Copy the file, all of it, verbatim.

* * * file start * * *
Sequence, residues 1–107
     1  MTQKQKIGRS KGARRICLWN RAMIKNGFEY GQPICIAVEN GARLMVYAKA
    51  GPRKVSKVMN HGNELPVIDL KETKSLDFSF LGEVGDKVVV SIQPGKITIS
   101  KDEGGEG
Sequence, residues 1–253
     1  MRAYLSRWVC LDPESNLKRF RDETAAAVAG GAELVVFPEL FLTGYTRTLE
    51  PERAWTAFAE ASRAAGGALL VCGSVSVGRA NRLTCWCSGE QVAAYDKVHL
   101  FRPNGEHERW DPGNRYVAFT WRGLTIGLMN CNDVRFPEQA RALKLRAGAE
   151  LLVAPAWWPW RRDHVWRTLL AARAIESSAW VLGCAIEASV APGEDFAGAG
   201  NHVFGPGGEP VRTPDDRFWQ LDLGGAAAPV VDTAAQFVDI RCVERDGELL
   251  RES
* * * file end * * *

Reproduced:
Sequence, residues 1–107
     1  MTQKQKIGRS KGARRICLWN RAMIKNGFEY GQPICIAVEN GARLMVYAKA
    51  GPRKVSKVMN HGNELPVIDL KETKSLDFSF LGEVGDKVVV SIQPGKITIS
   101  KDEGGEG
Sequence, residues 1–253
     1  MRAYLSRWVC LDPESNLKRF RDETAAAVAG GAELVVFPEL FLTGYTRTLE
    51  PERAWTAFAE ASRAAGGALL VCGSVSVGRA NRLTCWCSGE QVAAYDKVHL
   101  FRPNGEHERW DPGNRYVAFT WRGLTIGLMN CNDVRFPEQA RALKLRAGAE
   151  LLVAPAWWPW RRDHVWRTLL AARAIESSAW VLGCAIEASV APGEDFAGAG
   201  NHVFGPGGEP VRTPDDRFWQ LDLGGAAAPV VDTAAQFVDI RCVERDGELL
   251  RES